At 7:00 pm, Liz locked the ranger’s station and climbed into the truck to make her final rounds for the evening. She was anxious to get home to her husband and dog, so this would be a quick trip down the main road. She wanted to make sure that the vehicle she’d seen entering the park earlier hadn’t slid off the slick roads. She hoped the driver had enough sense not to drive down one of the side roads in this weather, and she wasn’t willing to drive down every small road looking for a phantom vehicle.

Liz drove slowly in the blizzard conditions. Four inches of snow covered the ground, and the large, heavy, wet flakes were quickly adding to the amount. She estimated the wind was blowing 35 knots or more, causing the snow to whiz horizontally past her windshield. For a moment, she considered abandoning her last rounds and heading home, but she continued at a snail’s pace, stopping every few feet to look left and right into the forest. Only an idiot or an overzealous park ranger would be out here on a night like this, she thought.

She reached the end and the concrete barrier where people could stand and look out over Spruce Cape and was happy to see there were no vehicles parked there. She did a U-turn and was starting back toward the park entrance when her headlights illuminated something bright pink a few feet off the road. At first, she thought it was a plastic bag, but it was too big. Should she stop and check it or pretend she didn’t see it and keep driving? She exhaled a deep sigh, shifted into park, grabbed a flashlight from the glove compartment, and crawled out of the truck. She cinched her hood tight and slogged through the snow toward the pink object. After only a few steps, she realized she was looking at a pink, down coat. After several more steps, she saw there was someone in the coat. She hurried toward the fallen form, all thoughts of her husband and dog and their cozy family room vanished from her mind, and she began running through first aid protocols in her head. Would she have to perform CPR? Did she have her rescue-breathing mask in her pocket? Should she put on her rubber gloves before she even touched the victim?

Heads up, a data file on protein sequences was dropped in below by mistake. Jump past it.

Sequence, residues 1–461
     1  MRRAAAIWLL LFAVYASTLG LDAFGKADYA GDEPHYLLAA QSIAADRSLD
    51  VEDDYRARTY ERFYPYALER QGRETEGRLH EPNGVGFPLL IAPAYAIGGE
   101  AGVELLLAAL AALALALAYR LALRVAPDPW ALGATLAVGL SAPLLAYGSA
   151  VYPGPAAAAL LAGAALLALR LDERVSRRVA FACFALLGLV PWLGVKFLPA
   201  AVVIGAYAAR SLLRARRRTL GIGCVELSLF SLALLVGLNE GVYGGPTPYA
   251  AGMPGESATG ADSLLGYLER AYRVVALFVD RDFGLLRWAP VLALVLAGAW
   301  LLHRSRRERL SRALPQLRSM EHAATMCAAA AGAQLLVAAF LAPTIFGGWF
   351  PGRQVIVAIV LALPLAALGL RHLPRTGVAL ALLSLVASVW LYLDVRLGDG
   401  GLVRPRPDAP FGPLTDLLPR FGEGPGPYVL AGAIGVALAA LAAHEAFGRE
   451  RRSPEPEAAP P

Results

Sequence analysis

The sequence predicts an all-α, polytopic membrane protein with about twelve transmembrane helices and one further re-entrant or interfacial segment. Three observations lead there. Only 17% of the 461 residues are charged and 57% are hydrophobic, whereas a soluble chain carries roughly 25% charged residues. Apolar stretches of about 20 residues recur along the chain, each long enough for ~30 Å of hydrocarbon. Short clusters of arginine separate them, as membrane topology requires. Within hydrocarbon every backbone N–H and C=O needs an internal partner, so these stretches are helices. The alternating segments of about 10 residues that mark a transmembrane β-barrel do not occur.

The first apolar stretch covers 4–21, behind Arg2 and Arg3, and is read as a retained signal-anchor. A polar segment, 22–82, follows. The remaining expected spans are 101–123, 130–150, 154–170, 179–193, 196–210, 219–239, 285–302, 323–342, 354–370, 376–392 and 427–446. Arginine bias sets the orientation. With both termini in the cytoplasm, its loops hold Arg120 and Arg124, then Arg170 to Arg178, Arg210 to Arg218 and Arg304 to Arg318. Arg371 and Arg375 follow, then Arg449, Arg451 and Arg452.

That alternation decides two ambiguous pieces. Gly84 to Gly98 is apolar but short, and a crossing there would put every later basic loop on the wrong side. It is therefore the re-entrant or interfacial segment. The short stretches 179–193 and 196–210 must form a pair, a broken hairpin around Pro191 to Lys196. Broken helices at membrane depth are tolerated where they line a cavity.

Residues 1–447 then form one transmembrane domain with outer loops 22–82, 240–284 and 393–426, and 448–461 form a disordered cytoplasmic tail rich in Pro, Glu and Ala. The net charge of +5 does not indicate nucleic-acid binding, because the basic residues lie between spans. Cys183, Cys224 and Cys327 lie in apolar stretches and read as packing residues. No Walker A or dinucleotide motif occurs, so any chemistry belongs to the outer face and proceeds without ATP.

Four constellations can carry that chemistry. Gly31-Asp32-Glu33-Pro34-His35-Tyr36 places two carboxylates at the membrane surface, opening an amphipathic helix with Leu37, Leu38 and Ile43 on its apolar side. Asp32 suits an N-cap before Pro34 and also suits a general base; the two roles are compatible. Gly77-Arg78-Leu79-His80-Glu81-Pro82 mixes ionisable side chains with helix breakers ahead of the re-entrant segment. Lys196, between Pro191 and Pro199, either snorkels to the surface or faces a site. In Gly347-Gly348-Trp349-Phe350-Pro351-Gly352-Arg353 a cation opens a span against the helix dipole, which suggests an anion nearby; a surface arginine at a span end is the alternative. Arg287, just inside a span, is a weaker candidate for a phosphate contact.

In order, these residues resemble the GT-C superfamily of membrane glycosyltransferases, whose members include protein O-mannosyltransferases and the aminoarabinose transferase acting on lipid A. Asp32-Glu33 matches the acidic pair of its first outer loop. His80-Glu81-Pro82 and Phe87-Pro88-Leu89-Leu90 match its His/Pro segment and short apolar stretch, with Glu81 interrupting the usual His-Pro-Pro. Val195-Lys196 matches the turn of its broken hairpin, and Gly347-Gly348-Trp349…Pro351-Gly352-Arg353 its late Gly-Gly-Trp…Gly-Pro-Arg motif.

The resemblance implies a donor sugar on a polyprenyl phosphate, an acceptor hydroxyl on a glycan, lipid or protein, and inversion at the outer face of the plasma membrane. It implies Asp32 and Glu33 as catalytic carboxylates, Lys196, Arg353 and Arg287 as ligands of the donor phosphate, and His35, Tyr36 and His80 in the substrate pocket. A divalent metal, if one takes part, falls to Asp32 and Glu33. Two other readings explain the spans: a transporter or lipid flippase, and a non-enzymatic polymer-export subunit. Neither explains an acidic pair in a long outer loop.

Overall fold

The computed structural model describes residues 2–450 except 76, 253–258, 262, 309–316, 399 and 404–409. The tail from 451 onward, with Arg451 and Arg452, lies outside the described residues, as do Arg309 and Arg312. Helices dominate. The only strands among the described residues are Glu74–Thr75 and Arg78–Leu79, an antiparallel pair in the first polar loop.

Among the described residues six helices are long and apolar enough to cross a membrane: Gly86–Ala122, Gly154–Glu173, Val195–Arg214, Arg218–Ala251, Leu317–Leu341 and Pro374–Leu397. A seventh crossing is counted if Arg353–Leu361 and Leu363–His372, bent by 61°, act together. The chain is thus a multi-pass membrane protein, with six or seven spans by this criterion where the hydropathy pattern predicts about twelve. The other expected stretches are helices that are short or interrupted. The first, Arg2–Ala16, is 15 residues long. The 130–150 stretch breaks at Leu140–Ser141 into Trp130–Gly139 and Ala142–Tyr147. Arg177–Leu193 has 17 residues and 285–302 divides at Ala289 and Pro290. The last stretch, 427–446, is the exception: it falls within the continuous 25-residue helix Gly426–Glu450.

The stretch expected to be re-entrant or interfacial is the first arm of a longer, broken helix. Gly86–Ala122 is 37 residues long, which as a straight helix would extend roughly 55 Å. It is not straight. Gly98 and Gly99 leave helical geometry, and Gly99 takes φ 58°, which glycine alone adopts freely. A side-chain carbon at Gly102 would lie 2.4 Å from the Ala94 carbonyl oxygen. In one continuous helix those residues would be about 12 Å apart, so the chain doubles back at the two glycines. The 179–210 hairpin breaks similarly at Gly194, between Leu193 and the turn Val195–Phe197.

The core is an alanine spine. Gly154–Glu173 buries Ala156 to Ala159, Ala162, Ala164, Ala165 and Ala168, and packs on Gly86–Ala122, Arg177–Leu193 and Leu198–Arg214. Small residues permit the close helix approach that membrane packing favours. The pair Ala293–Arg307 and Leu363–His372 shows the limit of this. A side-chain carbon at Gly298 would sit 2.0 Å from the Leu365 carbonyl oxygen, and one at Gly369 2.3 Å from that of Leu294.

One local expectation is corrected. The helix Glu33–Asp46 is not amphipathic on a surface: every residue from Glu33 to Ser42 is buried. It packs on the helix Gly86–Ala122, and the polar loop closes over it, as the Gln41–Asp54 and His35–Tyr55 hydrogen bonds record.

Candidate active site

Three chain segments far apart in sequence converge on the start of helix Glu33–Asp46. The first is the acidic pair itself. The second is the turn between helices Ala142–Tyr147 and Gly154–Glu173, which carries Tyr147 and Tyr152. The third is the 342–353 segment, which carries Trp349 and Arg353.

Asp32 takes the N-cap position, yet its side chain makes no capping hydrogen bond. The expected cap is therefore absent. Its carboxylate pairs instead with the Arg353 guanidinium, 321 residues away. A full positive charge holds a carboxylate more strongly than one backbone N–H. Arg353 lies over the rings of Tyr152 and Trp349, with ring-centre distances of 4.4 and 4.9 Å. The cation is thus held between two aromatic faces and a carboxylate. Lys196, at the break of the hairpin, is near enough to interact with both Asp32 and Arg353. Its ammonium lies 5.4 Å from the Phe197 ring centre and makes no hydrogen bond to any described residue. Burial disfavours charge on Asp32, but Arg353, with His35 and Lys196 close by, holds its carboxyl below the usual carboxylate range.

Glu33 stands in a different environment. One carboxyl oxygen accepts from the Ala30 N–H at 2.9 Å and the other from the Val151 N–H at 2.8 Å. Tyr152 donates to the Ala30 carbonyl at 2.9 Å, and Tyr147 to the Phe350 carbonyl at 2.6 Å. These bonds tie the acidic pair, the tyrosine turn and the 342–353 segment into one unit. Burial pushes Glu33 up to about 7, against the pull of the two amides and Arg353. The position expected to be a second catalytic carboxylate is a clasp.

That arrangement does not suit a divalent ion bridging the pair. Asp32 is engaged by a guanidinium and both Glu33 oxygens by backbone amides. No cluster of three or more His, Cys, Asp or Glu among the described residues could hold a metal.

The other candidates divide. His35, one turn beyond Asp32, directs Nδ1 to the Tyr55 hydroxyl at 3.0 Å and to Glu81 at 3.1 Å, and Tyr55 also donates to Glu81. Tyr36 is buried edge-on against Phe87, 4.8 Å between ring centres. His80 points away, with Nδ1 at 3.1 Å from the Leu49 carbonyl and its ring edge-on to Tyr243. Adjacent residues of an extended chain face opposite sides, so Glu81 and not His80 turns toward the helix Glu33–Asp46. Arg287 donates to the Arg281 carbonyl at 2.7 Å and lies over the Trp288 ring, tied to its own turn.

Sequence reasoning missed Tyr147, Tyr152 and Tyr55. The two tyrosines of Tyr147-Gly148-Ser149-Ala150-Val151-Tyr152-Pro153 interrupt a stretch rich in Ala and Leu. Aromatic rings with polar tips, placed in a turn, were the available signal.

“Ma’am,” she called, “can you hear me?”

Liz slowed her pace as she neared the victim. “Ma’am?” The woman was on her side facing away from Liz. Liz touched her arm and called to her again, and when the woman didn’t reply, Liz rolled her onto her back. She took one look at her and stepped away from the body. She switched the flashlight to her left hand, and her right hand instinctually unsnapped her holster. She put her right hand on the butt of her gun while she swung the flashlight in a wide arc. She had seen a vehicle enter the park around 5:00, but she had not seen it leave. Was the murderer still in the park? Was he watching her? She felt the sweat run down her back, and she fought to control her emotions. It was no time to panic. She had to think clearly and act professionally.


Next week, I will re-introduce you to FBI Special Agent Nick Morgan when he is asked to fly to Kodiak to help investigate the string of murders.

My May Mystery Newsletter is a shocking, true story of murder from Craig, Alaska. If you would like to read it, you can sign up below.